EPA standing ground regarding Kensington mine
Alaska's senators called on the head of the U.S. Environmental Agency to answer for the agency's actions regarding the Kensington gold mine this week.
Robert Dillon, a Senate energy staffer who works for Sen. Lisa Murkowski, characterized the meeting as "congenial but direct."
"Administrator (Lisa) Jackson was not willing to concede any ground during the meeting," he said. "She defended her people."
Republican Murkowski and Democratic Sen. Mark Begich are concerned that the EPA will wrongly delay the opening of Coeur Alaska Inc.'s Juneau-area mine.
That's ever since Michael Gearheard, an official at EPA's regional office in Seattle, sent a letter to the U.S. Army Corps of Engineers on July 14. He said that Kensington's ground-up waste rock, or tailings, might best be stored upland instead of in a lake, and that he believed the Corps was legally required to re-evaluate the disposal options. He estimated this would take about eight months.
According to Gearheard, an acting deputy regional administrator, the letter was vetted at high levels and part of a "national conversation" within the agency before it was sent.
Since the mine won its U.S. Supreme Court case to dump tailings in Lower Slate Lake, Coeur asked the U.S. Army Corps of Engineers to hurry up and re-issue its permit so construction could restart this summer. The mine has been on hold since 2006.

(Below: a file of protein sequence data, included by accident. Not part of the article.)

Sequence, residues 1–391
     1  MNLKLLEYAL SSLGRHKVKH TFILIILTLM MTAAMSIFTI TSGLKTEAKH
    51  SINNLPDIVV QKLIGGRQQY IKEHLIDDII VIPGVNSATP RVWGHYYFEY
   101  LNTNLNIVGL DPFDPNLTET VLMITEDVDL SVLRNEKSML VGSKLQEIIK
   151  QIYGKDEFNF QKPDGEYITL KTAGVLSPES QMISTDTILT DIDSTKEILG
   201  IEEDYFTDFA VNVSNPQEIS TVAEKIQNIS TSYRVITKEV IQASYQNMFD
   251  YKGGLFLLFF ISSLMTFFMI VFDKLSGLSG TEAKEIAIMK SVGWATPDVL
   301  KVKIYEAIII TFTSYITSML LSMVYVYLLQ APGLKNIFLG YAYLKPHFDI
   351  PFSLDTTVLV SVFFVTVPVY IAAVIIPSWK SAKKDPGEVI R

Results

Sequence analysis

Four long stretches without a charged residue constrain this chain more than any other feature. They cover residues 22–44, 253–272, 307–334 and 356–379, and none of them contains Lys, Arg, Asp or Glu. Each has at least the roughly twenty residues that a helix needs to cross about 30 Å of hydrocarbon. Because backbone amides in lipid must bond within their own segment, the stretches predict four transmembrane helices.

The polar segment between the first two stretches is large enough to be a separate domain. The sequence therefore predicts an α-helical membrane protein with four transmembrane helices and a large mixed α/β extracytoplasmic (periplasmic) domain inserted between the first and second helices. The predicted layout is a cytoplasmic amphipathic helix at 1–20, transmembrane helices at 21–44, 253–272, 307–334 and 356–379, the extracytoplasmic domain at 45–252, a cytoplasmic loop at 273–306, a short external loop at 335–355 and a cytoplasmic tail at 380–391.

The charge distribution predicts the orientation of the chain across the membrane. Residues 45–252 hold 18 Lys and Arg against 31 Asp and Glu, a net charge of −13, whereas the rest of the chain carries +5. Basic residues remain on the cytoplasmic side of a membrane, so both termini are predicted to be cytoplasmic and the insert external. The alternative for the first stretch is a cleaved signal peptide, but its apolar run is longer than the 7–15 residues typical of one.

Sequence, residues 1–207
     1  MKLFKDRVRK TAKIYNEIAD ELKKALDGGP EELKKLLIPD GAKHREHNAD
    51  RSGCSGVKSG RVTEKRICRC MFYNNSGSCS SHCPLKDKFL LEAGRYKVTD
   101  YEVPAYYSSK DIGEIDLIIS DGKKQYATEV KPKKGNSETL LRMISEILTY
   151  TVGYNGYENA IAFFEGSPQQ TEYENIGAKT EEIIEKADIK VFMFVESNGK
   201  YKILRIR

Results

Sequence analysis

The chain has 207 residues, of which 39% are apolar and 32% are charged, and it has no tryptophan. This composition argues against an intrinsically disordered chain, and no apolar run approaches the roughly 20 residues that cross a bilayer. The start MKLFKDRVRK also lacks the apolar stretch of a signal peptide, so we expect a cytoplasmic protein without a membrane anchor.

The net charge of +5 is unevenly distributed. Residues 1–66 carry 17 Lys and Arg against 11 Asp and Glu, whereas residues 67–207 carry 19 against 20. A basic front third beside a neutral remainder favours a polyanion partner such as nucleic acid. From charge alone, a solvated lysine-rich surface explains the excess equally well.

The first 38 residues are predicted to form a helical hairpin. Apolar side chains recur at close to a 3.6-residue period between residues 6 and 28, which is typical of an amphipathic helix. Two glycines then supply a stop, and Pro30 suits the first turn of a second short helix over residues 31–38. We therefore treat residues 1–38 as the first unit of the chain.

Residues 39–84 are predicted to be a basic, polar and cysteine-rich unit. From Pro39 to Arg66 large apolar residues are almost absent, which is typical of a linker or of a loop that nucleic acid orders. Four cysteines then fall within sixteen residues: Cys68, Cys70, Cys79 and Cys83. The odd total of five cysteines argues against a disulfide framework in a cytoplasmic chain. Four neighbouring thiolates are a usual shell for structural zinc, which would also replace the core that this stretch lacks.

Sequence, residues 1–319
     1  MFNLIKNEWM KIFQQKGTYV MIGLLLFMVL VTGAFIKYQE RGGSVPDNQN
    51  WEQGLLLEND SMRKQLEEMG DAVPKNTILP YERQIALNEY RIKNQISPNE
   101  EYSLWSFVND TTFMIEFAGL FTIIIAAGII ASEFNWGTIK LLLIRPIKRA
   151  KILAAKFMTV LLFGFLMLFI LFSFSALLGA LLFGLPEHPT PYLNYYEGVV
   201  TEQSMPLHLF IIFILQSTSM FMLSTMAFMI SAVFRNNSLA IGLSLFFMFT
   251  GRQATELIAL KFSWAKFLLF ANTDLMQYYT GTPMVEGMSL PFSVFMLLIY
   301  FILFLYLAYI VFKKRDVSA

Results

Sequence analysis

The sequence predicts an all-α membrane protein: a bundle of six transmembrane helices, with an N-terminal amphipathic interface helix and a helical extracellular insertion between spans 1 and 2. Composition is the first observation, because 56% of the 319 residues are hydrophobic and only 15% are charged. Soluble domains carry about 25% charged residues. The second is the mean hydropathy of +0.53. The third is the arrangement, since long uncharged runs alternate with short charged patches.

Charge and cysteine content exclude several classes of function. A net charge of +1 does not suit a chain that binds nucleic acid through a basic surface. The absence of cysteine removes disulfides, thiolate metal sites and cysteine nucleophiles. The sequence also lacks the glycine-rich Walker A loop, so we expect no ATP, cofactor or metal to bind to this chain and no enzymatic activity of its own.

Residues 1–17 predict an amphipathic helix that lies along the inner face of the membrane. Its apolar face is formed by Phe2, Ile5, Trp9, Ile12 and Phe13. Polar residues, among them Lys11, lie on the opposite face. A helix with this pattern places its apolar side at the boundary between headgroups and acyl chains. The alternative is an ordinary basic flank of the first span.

The senators see EPA's call for the Corps to re-evaluate the alternatives - and its preference of upland storage for Coeur's tailings - as a dangerous and costly delay for an economically important project.
"The EPA's actions will open the door to another round of multiyear legal challenges that could effectively bury this project for good," Murkowski said.
Murkowski and Begich told Jackson on Thursday they believed the EPA had gotten its facts wrong. They will follow up with a letter detailing their arguments, Dillon said.
EPA press secretary Adora Andy said in an e-mail that the Thursday meeting was a "good exchange."
"EPA is committed to working with the Corps, the state of Alaska, and Coeur Alaska to ensure that the permitting process is not delayed and that an environmentally effective mining operation can proceed as quickly as possible," Andy said.
Tony Ebersole, spokesman for Idaho-based parent company Coeur d'Alene Mines Inc., said he had no comment about Thursday's meeting.
The Corps of Engineers' Anchorage office last week opened a 15-day public comment period on minor changes to Coeur's Lower Slate Lake construction permit, but has not yet responded to EPA's letter.
The Kensington mine is 45 miles northwest of Juneau and expected to employ 200 well-paid workers when construction is complete.